Days of Being Wild offers none of the however-slight conclusion at the end of Tears. It is Wong’s first decided step in the restless journey for self-discovery and permanence. A handful of characters are presented in their daily lives, seen alone at work or home, colored by their private thoughts and feelings about time, being, and belonging. The heart of the film is how people deal with rejection: the women are discarded by the same man and in the same manner, but deal with their pain in different ways.
The man himself deals with an even more private conflict, inconsistent feelings about his former-prostitute adoptive mother, and the absence of his biological mother, a Filipino aristocrat. The film crosses borders in both time and space, portraying the inner as well as literal journeys of the characters. In this way equal weight and emotional depth is given to the jilted lovers, the womanizer, his candid and self-effacing sidekick, and a solitary policeman.
In Days of Being Wild, Wong introduces his evocative disruptions of plot, wherein an presumably minor character is shifted to the foreground. Here, this is accomplished through voice-over; the night patrolman, his romantic love having never materialized, leaves Hong Kong to realize his dream of becoming a sailor abroad.
However, this departure remains within Wong’s realm of unremitting longing: the former-policeman now-sailor meets the young philanderer in the Philippines, on his own unfulfilled search for his biological mother. This is the beginning of Wong’s contemplation on chance, fate, and free will, which will remain at the center of his subsequent works.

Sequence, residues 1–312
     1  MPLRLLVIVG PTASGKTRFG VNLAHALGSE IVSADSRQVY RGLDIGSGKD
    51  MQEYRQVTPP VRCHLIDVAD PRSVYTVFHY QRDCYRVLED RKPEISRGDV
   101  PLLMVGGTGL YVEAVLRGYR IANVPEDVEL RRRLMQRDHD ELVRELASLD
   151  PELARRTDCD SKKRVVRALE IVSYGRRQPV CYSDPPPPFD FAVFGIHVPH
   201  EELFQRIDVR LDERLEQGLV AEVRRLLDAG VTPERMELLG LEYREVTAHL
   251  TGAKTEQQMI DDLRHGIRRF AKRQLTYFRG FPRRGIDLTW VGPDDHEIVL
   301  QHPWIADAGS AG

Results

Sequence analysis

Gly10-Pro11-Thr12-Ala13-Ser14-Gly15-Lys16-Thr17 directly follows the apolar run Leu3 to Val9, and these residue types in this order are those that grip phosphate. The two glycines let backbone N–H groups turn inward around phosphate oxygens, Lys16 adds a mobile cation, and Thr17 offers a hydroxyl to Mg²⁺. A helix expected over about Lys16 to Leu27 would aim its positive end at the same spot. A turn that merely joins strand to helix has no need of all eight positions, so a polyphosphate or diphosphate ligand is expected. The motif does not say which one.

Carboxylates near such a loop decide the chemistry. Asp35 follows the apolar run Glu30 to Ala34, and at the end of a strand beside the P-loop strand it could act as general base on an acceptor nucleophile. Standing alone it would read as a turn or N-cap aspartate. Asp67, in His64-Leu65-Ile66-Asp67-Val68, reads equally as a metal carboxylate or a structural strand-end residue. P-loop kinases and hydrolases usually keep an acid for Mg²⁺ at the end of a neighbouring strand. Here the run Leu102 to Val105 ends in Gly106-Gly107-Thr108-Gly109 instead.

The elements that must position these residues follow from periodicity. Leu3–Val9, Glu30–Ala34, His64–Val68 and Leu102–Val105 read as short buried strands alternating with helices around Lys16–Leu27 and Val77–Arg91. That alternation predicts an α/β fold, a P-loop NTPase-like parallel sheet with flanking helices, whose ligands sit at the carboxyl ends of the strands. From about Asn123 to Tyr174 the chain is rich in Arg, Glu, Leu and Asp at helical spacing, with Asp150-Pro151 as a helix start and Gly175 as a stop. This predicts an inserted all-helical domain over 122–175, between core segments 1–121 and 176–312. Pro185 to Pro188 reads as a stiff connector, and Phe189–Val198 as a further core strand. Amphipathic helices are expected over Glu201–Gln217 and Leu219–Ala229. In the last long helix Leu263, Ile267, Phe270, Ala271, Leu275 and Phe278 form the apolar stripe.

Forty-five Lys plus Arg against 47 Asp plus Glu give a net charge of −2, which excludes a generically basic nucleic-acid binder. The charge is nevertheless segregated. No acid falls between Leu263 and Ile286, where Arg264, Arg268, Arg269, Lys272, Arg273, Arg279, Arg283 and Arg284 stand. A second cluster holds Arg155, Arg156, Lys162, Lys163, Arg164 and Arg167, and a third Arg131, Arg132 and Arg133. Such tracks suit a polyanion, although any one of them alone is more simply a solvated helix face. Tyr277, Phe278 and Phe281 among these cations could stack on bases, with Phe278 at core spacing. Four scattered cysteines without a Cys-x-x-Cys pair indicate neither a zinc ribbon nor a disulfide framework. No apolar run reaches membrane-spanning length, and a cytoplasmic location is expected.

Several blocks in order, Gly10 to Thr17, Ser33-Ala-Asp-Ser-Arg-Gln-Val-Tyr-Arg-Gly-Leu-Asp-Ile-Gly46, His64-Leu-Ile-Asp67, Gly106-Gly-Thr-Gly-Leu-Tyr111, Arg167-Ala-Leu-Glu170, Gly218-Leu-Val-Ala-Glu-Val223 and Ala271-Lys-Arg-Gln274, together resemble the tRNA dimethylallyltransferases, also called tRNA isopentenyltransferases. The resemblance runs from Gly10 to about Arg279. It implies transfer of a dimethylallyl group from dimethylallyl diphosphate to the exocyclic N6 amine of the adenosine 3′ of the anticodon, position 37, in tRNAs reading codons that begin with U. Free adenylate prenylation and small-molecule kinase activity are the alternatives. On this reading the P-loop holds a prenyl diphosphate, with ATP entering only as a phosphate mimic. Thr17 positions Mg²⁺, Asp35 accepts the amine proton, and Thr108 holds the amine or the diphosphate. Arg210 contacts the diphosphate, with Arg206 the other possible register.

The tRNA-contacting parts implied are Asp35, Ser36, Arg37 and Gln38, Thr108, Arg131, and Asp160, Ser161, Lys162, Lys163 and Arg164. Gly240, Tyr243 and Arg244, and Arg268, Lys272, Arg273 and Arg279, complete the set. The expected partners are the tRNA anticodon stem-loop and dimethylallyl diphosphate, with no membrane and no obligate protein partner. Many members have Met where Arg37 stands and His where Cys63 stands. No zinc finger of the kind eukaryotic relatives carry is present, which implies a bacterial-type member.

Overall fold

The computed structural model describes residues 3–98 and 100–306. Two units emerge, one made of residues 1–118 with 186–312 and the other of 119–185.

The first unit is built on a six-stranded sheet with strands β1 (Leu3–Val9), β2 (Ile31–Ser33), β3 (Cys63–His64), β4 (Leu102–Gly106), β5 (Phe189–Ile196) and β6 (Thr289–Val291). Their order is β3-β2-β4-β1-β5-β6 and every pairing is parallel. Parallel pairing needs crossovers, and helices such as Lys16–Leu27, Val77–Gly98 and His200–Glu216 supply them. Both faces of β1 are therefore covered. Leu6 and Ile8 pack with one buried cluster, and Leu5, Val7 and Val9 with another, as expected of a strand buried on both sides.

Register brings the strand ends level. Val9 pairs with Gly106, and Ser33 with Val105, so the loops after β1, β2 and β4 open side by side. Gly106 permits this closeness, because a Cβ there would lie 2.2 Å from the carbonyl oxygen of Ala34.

Here, all love is unrealized and insignificant. Each of the rejected women are sought by other men on the periphery, whom they either use, ignore, or otherwise fail to accept in turn. Plot-wise, little happens as these characters haphazardly navigate their daily lives and spend their time in wait, unaware that opportunity has passed them by.
They are all victims of time, change, and issues of identity and belonging in Wong Kar-wai’s 1960s Hong Kong. However, in the final scene, there is the suggestion of an enduring human spirit. At once troublesome and evocative, the end of the film sees the minor character played by Tony Leung – who will star in In the Mood for Love and 2046 – getting ready for a night on the town, and departing his cramped room.
After testing the waters with Tears, Days of Being Wild jumps on in to the boundless oceans of inexpressible sufferings. In his second film, Wong eschews plot and fully follows the emotional whims of his characters with utmost faith in their integrity. Wong’s approach is nonjudgemental, as there is no good and bad in the longing for intimacy and connection, self-knowledge and substance. There is only individual’s journey, and the unfortunate consequences as we recklessly grasp at fulfillment.
3. Ashes of Time (1994)
Ashes of Time presents as Wong Kar-wai’s perhaps most challenging film to date. It lacks the context and specificity of the Hong Kong settings in his other films, where any outside travel serves as a punctuation in the narrative. Instead, Ashes tells the story of an agent by the name of Ouyang Feng, and the several bounty hunters he hires. The film is technically an adaptation of the novel The Legend of the Condor Heroes by Jin Yong. However, Wong only uses the novel to loosely base his film on four of the characters, throwing out all plot adaptation. The result is a film that, despite its departures, is very much of the director’s spirit.